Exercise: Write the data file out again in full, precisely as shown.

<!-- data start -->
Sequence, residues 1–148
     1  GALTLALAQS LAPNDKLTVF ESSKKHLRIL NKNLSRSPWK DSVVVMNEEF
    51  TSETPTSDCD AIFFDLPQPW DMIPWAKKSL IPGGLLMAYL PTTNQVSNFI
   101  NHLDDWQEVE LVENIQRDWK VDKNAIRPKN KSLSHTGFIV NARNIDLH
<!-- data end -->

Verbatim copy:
Sequence, residues 1–148
     1  GALTLALAQS LAPNDKLTVF ESSKKHLRIL NKNLSRSPWK DSVVVMNEEF
    51  TSETPTSDCD AIFFDLPQPW DMIPWAKKSL IPGGLLMAYL PTTNQVSNFI
   101  NHLDDWQEVE LVENIQRDWK VDKNAIRPKN KSLSHTGFIV NARNIDLH